Robocalls have gotten so bad that competitors AT&T and Comcast are teaming up to tackle the problem together. Their plan is to "authenticate and verify" calls. In other words, they'll let you know when an incoming call is really from the number listed on the caller ID and not a computer-generated call showing a fake number. This won't stop the unsolicited calls, but you might be more willing to answer a verified number.
While AT&T and Comcast have been able to verify calls between their own customers, earlier this month, they successfully tested verifying calls between providers. They believe this is the first time separate providers have used the SHAKEN/STIR protocol (which applies a kind of digital signature to every phone). In a press release today, the two companies say they'll bring the verification system to customers later this year.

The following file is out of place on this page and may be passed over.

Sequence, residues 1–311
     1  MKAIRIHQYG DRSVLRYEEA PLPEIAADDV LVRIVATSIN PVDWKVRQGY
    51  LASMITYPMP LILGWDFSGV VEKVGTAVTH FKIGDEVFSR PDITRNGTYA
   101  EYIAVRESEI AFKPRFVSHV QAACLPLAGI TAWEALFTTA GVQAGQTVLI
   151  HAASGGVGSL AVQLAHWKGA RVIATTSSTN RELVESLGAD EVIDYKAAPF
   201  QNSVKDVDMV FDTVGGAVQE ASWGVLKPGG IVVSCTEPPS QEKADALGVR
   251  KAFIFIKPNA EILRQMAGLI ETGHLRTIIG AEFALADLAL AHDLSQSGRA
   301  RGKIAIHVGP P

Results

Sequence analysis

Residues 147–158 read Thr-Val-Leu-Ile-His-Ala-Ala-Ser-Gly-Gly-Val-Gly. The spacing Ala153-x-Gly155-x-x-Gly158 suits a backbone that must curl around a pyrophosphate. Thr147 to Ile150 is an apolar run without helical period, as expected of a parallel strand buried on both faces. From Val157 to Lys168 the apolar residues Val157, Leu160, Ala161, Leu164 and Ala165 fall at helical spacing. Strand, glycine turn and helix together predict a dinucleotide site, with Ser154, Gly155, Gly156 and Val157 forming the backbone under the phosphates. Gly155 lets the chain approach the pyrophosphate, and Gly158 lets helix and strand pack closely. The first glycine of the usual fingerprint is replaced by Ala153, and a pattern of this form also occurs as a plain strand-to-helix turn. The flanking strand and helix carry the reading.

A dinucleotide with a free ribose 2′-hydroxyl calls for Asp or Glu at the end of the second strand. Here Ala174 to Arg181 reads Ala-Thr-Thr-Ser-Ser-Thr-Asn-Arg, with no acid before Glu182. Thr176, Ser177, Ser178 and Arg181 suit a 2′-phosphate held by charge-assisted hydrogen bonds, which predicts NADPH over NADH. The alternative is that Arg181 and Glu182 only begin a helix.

AT&T and Comcast aren't the only ones using SHAKEN/STIR. Last year, the FCC asked 14 voice providers to adopt the framework, and Verizon was quick to support it. So we might see verification across even more networks, sooner rather than later. In the meantime, the TRACED Act, proposed to Senate in January, could give the FCC greater authority to penalize robocall violations and to deter scams.